Gordon Moody: Industry practices have come a long way amid regulatory change

After over two years of waiting, the betting industry and research, education and treatment sector (RET) finally learned the proposals of the Gambling Act review when the White Paper was published in April.

The generational legislative overhaul of the UK’s regulatory framework for betting laid out a series of recommendations for change. This has included a mandatory levy to support RET activities and finance risk checks, although little mention of advertising reforms that some campaigners were hoping for.

Ahead of the review’s publication, SBC Media spoke to Gordon Moody at the treatment organisation’s Manchester clinic, gaining an understanding of a leading RET organisation’s views on forthcoming regulatory changes.

“I think the industry has done a lot,” said Gordon Moody CEO Matthew Hickey, reflecting on responsible practice adopted by UK operators in recent years.

“I think it really has come a long way. My evidence in that is in the conversations I and Gordon Moody have with the industry. They are proactively doing more and more from that safer gambling and responsible gambling side of things.

“What I would like to see is more information sharing between us as treatment operators and the industry. What I mean by that is to help profile, develop understanding and develop referral routeways direct from operators straight into treatment, rather than have to go through how many steps a gambling addict might have to, lets cut that down as short as possible.”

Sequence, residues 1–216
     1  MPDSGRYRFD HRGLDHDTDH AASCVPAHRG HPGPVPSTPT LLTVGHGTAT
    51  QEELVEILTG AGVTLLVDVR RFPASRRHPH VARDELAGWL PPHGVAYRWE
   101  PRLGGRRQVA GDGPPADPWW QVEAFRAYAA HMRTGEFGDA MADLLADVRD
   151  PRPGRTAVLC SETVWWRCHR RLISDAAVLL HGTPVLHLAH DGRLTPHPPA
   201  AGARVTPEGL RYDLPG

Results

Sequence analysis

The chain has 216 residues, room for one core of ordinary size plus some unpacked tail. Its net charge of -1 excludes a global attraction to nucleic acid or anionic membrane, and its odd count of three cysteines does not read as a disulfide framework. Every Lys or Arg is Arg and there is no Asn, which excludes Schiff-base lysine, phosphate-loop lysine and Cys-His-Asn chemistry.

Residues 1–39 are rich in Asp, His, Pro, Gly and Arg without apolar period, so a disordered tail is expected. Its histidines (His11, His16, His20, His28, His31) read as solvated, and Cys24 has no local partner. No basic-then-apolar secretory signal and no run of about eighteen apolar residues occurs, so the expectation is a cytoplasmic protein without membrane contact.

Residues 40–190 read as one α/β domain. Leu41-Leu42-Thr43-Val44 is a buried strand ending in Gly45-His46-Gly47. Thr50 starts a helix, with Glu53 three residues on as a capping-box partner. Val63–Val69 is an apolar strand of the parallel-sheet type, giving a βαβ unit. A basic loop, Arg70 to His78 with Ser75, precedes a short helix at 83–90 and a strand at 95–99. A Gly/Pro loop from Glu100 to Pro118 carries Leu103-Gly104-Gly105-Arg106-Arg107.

Notable efforts adopted by the industry in recent years have covered topics such as advertising, such as the ‘whistle-to-whistle’ ban on ads during football games, as well as greater adoption of technology such as Artificial Intelligence to monitor player behaviour.

To support RET efforts, the long-term funding model has seen the industry make voluntary donations. However, with the White Paper now published, it seems that a mandatory levy is now going to define the future of operators’ financing relationship with charities such as Gordon Moody. 

The key question to ask about the RET funding model is ‘does it work now?’, Hickey observed. He continued: “We’re a reasonably well funded sector. Could we do with more? Of course we could. But to what level, double? I don’t know, because the data isn’t there. We’re working on it and we will get there, but I think we’ve still got a bit of a way to go.”

Regardless of the White Paper’s recommendations, statistics show that the player protection policies of the industry and the efforts of groups such as Gordon Moody have been making a difference. 

For example, the UK Gambling Commission (UKGC) has put the British problem gambling rate at 0.2% as of February 2023, whilst the most recent NHS statistics showed a figure of 0.3%. That does not mean the job is done, however.

“There is always more work to be done when it comes to keeping players safe,” the company’s then-head of External Engagement, Rob Mabbett, commented.

“”When we look at the prevalence statistics in the UK, we’re seeing that although the mount of people in the UK that gamble is quite consistent we are seeing what looks like a reduction in those experiencing gambling harm, which needs to be recognized because there is a huge collaborative effort, not just among the operators but from regulatory bodies, commissioners, charities in the sector, to raise awareness and reduce stigma.”

The UK government and Gambling Commission are now beginning consultations on the White Paper’s recommendations, with the RET levy due to be discussed following finance risk checks and slot stake limits. 

It can be expected that organisations such as Gorodn Moody will play an active role in these consultations, as stakeholders look to shape the future of British betting’s regulatory framework.

To watch the full interview with Gordon Moody, covering the organisation’s operations and other major regulatory talking points, click HERE